Trudging your way up or down the McLennan stairs, you may have noticed the small white statue of Abraham Lincoln on the fourth floor. This statue is but the tip of the iceberg. McGill’s Rare Books and Special Collections boasts the largest collection of Lincoln memorabilia outside the United States. This includes dozens more sculptures and busts, thousands of letters and essays, several paintings, and even chairs from Lincoln’s White House. One of the most remarkable items is the journal of Dr. Charles Taft, who was with Lincoln the night he died, providing one of the most detailed accounts of the assassination. Dr. Joseph Nathanson, a McGill graduate and a professor of medicine at Cornell University, donated all of this. Nathanson started his Lincoln collection after helping his daughter complete a school project on the 16th President. Upon his death, he bequeathed the entire hoard of Lincolniana to his alma mater. The collection even contains a piece of the bandage used on Lincoln’s head after he was shot. There are definitely 152-year-old presidential blood flecks somewhere in the McLennan Library. So if any enterprising biology students want to clone the 16th President of the United States (Lord knows now is as good a time as any), they know where to start.
Right here at McGill was an example of the Cold War arms race at its most insane extreme: a frenzied attempt at real psychic warfare at the expense of innocent patients.
McGill’s MK Ultra, the CIA’s secret psychological warfare research program, connections have been discussed before in student media, but they bear repeating to fully understand how crazy things were. At various partner universities, one of these being McGill, mentally ill patients were forcibly subjected to a variety of dramatic experiments such as sleep deprivation and the ingestion of psychedelic drugs. The United States’ goal was drug-induced mind control that could give them the upper hand against the Soviets (who also thought this was a good thing to try). MK Ultra was the sort of program dramatized in movies like The Men Who Stare at Goats or more recently, in Netflix’s Stranger Things.
Located just above the McTavish Reservoir, the Allan Memorial Institute was, and is, McGill University Health Centre’s psychiatry department. In the 50s and 60s, the CIA contracted Dr. Ewen Cameron of the AMI to do MK Ultra experiments. Cameron turned Ravenscrag, formerly railway baron Sir Hugh Allan’s mansion, into his personal playground of psychological horrors. These experiments included intensive electroshock therapy, forced comas for days at a time, and the forcible ingestion of hallucinogens. Right here at McGill was an example of the Cold War arms race at its most insane extreme: a frenzied attempt at real psychic warfare at the expense of innocent patients.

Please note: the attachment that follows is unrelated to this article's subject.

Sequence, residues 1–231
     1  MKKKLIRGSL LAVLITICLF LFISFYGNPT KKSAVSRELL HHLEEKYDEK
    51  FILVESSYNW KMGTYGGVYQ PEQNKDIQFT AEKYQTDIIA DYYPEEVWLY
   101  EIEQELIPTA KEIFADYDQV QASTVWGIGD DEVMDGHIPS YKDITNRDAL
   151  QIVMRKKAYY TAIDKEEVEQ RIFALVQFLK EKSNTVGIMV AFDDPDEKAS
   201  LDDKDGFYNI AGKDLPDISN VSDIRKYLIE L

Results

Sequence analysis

Other McGill history tidbits abound. An eagle-eyed student can spot a plaque on Dawson Hall commemorating that during the Second World War, the International Labour Organization fled Geneva and set up shop on campus. Scottish students may be amused to read that James McGill’s gravestone in front of the Arts Building lists his birthplace as “Glasgow, North Britain.” This puzzling inscription is a unique North American relic of the unionism that gripped the British Empire in the 17th and 18th centuries. Scratch the surface and you’ll find many more examples of neat and bizarre McGill connections to peoples, places, and things around the world.
So keep your eyes peeled as you shuffle through the Y-intersection on a snowy day or check in to McLennan for another study session. You might just spot a piece of weird McGill history right in front of your nose. It could be an artifact donated by an obsessive alumnus or a suspiciously robust commitment to research ethics in the psychiatry department. Whatever the case, these stories can teach us a lot about our school and the hidden lives of the people who have walked its halls. The truth is almost always stranger than fiction.